Parking is a great test case for cash replacement
I’ve often mentioned that car parking represents, to me, the prosaic benchmark for e-money. Car parks are a straightforward and daily example of an environment where cash is a pain and e-money would be a better alternative. This is why I made a big deal of the fact that contactless payments never made it to my local car park, where cards have now been supplanted entirely by mobile payments. This is not true everywhere. I think I’ve mentioned before that on-street car parking is an obvious place to start contactless acquiring: no keyboard, no slot, low-maintenance, simple. Westminster started doing this last year.
From January and over a three-month period, 20 pay and display machines in the West End will be retrofitted with wave-and-pay card readers, so motorists will be able to pay car parking charges by waving a credit or debit card at a meter. According to the local authority, the project is intended to eliminate the need to carry cash around or enter chip and pin details to pay to park.
I’m going to try find out what customers think about this approach. Franky, I’m sure they would rather use their Oyster cards, and here’s one reason why…
The machines also incorporate a security function that requires cardholders to confirm their identification with a chip and pin transaction on a regular basis.
Hhmmm. This means having to having both a slot and a keypad, which raises costs significantly, and annoys customers when the contactless transaction fails and they are asked to insert the card and enter the PIN. I’ll put in a call to see how this went when I’m back in the office sometime. Meanwhile, the alternative apporach, of using mobiles, continues to gain ground, and it’s not only in Woking that the mobile has trumped the card.
North Devon Council has replaced its Smart card facility with a more modern, pay over the phone system called ‘RingGo’.
It’s not favouritism, although I have mentioned RingGo here before, but I can’t help but notice that when I first went to see them (to interview them for a podcast) I thought that they were a company to watch. I’m actually one of their customers, because they operate the mobile parking at Woking station.
Councils, rail operators and other car park providers across the UK are ditching smartcard and scratchcard parking schemes in favour of streamlined, paperless RingGo.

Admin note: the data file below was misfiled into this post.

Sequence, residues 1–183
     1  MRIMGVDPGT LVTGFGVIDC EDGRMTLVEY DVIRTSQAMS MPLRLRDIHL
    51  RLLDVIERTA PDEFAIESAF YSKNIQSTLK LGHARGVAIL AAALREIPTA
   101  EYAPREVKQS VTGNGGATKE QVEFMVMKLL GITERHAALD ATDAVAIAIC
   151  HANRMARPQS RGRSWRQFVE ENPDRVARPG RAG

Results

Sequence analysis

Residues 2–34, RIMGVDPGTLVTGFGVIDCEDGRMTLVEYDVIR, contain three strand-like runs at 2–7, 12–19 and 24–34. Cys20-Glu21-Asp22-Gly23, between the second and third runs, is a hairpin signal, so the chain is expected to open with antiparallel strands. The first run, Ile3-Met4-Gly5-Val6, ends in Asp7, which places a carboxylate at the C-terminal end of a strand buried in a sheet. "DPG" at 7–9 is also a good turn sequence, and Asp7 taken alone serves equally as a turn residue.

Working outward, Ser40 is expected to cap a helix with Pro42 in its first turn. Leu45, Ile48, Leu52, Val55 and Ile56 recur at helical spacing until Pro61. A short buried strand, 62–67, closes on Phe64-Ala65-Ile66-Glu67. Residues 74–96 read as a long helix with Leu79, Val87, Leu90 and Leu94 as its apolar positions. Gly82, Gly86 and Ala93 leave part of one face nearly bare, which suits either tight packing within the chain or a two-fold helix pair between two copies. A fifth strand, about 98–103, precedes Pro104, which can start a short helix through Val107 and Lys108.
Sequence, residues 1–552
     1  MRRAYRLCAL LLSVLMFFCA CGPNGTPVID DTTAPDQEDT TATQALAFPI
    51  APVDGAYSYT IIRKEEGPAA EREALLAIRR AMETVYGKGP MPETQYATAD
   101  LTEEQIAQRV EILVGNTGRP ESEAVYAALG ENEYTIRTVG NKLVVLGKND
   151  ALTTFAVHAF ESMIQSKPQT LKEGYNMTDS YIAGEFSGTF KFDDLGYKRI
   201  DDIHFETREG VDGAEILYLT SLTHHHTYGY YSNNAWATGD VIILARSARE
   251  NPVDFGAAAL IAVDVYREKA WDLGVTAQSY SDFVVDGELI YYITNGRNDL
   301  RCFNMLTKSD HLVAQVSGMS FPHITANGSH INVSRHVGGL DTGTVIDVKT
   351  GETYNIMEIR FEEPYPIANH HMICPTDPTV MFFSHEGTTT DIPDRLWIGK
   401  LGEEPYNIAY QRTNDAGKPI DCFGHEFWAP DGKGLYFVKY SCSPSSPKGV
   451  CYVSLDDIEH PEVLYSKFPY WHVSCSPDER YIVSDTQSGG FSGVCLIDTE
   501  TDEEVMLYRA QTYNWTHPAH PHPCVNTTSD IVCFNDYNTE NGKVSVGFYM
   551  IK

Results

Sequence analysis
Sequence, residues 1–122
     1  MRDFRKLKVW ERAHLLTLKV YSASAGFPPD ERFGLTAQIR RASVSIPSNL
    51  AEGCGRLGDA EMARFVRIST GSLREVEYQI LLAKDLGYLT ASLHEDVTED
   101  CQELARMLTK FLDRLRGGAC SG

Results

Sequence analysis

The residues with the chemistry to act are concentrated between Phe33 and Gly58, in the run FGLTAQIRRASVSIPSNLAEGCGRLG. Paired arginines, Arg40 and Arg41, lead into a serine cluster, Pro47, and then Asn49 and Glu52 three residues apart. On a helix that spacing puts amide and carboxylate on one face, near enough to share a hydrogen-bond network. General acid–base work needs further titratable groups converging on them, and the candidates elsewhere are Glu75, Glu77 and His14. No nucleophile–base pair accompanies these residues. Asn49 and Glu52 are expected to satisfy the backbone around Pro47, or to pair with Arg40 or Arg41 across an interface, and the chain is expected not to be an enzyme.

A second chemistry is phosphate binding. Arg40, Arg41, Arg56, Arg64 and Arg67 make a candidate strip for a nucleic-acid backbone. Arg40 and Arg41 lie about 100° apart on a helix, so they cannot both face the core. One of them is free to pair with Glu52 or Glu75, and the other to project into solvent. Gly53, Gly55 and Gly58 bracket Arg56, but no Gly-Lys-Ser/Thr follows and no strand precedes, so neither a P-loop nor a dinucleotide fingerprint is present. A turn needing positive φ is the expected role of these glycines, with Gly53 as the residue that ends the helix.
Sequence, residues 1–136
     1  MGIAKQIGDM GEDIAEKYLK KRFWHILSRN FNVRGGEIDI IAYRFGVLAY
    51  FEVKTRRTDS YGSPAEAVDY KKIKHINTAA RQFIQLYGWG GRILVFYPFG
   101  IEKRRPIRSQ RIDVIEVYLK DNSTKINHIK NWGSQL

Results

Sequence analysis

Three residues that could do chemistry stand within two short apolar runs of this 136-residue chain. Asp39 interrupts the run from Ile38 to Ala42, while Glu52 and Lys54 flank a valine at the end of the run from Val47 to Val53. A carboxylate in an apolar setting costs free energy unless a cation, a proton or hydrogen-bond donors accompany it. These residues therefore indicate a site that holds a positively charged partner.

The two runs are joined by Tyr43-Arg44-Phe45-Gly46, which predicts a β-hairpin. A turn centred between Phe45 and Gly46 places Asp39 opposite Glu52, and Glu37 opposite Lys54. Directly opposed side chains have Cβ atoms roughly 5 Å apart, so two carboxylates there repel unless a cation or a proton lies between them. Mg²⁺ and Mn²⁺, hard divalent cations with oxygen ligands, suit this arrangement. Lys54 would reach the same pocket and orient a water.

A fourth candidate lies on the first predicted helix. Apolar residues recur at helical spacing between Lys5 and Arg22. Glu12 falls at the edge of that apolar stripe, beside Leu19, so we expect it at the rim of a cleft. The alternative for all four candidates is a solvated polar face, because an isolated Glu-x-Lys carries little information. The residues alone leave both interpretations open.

I think I’ll try and get some of these guys along to the Digital Money Forum 2012, as it will be useful to learn some of the experiences from the front line. Meanwhile, I can’t help noticing that not everyone wants to remove cash from the car park. Take, for example, Wokingham council. It car park machines (according to The Daily Telegraph of 26th February 2011, p.4) took in £982,057 last year but only issued £945,417 of tickets. The discrepancy, as you might expect, comes from the machines that don’t give change, a form of institutionalised extortion. Simply arithmetic reveals that hapless motorists are thus facing a 4% service charge for using cash. It’s time to take action: councils should start making car parks cash-free as soon as possible and learn to cut their cloth. But if the car parks are cash free, and not everyone is using mobile payments, and the banks haven’t issued contactless cards to everyone yet, then how to close the gap? Well, why not have local prepaid cards that function as “town cards” as well.
PXT Payments (PXT, formerly Parcxmart) an electronic payment solutions provider, today announced the launch of its new chip-based, secure smart debit cards, designed to create a safe, local currency that boosts consumer spending in municipalities nationwide. The town of Brookline, MA, will be the first town to adopt both Parcxmart and the smart debit card program.
I’m really interested in this kind of thing. It illustrates two points that I have been making for some time: first of all, it emphasises the role of transport in the evolution of new payment systems and secondly, it touches on the role of local parallel and alternative payment systems as a potential growth area. Fortunately both transport payments and alternative payments have their own expert panel discussions set aside at the 2011 Digital Money Forum so we’ll be able to explore both topics in detail. (Coincidence? You be the judge!)
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